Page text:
Sorry to be slightly late with this story, but better that than 6,800 years from now.
That’s the next time a comet with the unlikely nickname Neowise will approach our planet. Neowise has been visible to the unaided eye in the northwest sky for the past week or so. By the time you read this, the rocky ice ball will actually be passing quite close to the Earth — in astronomical terms, that is — at 64 million miles away. Yet it might also prove harder to see.
Comets are like cats, astronomers are fond of saying: fascinating yet unpredictable. The worst-case scenario for skywatchers is that Neowise (real name C/2020 F3) simply disintegrates and disappears just in time for your attempt at viewing.
The best-case scenario is astronomically unlikely, according to Scientific American magazine: Heated by the sun, Neowise explodes in the kind of bright, history-making burst that used to terrify our ancestors. (Best-case for skywatchers but bad for the comet, that is.)
What’s probable is in between, according to Jim Todd, the space science director at the Oregon Museum of Science and Industry: As it heads back to the outer limits of the solar system, the comet will get dimmer while appearing higher over the northwestern horizon each night. It probably won’t disintegrate. NASA images show “a healthy-looking comet displaying an impressive fan-shaped tail,” Todd said. Its nucleus is about 3 miles in diameter and covered with dark particles left over from the formation of the solar system around 4.6 billion years ago.
To see Neowise, head for an open patch of ground at least one hour after sunset. (My local high school athletic field has served perfectly.) Look to the north-northwest, directly below the Big Dipper.
The comet is that faint star sending a ghostly trail diagonally upwards to the east.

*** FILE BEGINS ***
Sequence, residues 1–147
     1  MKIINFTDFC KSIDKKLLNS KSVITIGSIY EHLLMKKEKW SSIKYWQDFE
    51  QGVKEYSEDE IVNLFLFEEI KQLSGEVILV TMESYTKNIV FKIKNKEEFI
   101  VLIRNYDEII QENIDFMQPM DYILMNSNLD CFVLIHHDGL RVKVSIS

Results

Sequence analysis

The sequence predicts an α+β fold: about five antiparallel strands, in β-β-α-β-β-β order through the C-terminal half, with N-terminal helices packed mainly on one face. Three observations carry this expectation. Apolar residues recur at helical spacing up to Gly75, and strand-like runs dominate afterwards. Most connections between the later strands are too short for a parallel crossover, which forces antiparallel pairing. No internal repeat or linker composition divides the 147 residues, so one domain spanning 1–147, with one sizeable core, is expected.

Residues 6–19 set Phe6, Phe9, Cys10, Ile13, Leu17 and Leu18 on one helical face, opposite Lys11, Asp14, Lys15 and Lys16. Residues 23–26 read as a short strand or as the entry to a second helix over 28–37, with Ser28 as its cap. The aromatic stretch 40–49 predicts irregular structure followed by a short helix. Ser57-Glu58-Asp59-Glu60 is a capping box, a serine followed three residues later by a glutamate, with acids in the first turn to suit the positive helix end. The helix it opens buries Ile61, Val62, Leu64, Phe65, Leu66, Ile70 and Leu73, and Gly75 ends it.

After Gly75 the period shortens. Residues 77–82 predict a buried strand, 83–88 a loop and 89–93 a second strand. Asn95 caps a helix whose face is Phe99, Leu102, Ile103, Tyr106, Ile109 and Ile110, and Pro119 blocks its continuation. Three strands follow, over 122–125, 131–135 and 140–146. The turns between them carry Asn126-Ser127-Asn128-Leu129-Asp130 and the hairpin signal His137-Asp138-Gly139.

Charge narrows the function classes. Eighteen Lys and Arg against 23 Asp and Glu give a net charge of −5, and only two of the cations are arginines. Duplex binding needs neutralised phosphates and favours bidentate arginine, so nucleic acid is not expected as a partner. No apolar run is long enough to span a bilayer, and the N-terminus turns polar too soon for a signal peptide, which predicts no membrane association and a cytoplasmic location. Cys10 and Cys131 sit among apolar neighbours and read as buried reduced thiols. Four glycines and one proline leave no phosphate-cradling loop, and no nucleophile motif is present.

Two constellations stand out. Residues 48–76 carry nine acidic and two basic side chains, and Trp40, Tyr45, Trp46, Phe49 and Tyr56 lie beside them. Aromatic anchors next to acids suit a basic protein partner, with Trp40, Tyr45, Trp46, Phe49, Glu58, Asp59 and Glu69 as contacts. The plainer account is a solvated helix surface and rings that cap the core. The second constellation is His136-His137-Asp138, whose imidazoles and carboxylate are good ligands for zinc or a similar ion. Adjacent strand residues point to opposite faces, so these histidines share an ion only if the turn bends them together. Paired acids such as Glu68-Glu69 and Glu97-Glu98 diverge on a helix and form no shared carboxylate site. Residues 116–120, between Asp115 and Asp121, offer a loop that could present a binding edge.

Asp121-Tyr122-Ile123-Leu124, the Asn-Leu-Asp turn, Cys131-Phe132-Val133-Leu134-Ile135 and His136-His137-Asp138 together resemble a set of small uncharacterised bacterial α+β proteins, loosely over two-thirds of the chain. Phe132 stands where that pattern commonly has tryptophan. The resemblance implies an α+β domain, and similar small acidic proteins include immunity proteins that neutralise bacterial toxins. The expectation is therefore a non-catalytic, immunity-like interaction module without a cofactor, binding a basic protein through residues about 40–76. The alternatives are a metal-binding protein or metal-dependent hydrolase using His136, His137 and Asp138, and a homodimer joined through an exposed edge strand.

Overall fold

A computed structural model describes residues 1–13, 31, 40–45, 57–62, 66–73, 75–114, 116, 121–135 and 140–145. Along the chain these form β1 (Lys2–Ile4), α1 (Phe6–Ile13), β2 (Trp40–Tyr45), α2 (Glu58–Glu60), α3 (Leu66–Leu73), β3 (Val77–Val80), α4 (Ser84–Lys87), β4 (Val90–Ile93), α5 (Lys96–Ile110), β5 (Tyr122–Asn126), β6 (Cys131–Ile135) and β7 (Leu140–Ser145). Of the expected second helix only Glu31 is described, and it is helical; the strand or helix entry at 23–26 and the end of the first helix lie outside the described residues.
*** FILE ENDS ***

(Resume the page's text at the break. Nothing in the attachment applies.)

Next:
To avoid being underwhelmed, binoculars are highly recommended. The darker the sky, the brighter your view, so be patient.
Neowise was only discovered in March, and nicknamed after the space probe that spotted it: the Near Earth Object Wide-Field Infrared Survey Explorer. This year, scientists also had their eyes on two other comet visitors to our solar neighborhood that did disintegrate and disappear. That’s how unpredictable comets can be.
Planets and moons
Here’s another view that won’t underwhelm and might just last all summer long. Jupiter, by far the hugest of our solar system’s planets, passed its point of opposition — its closest approach to Earth at 385 million miles away — just last week. It’ll remain big and bright in the sky throughout the summer, Todd said. When you get tired of peering at that relatively dim comet, rotate all the way around to find what looks like the brightest star in the southeastern sky.
That’s Jupiter. Its smaller neighbor to the left is Saturn. Both will rise at sunset and remain visible all night long.
Here’s why you want binoculars: They might just reveal Io, Europa, Ganymede and Callisto, Jupiter’s four largest moons, clustered around the planet. With really powerful binoculars and a tripod to prevent vibration, Todd said, you might even be able to see Jupiter’s colorful bands and Great Red Spot as well as Saturn’s rings and largest moon, Titan.
“They’ll both be putting on a show this summer, those two planets,” Todd said. “They’ll be easy for the eye to see and easy to recognize.”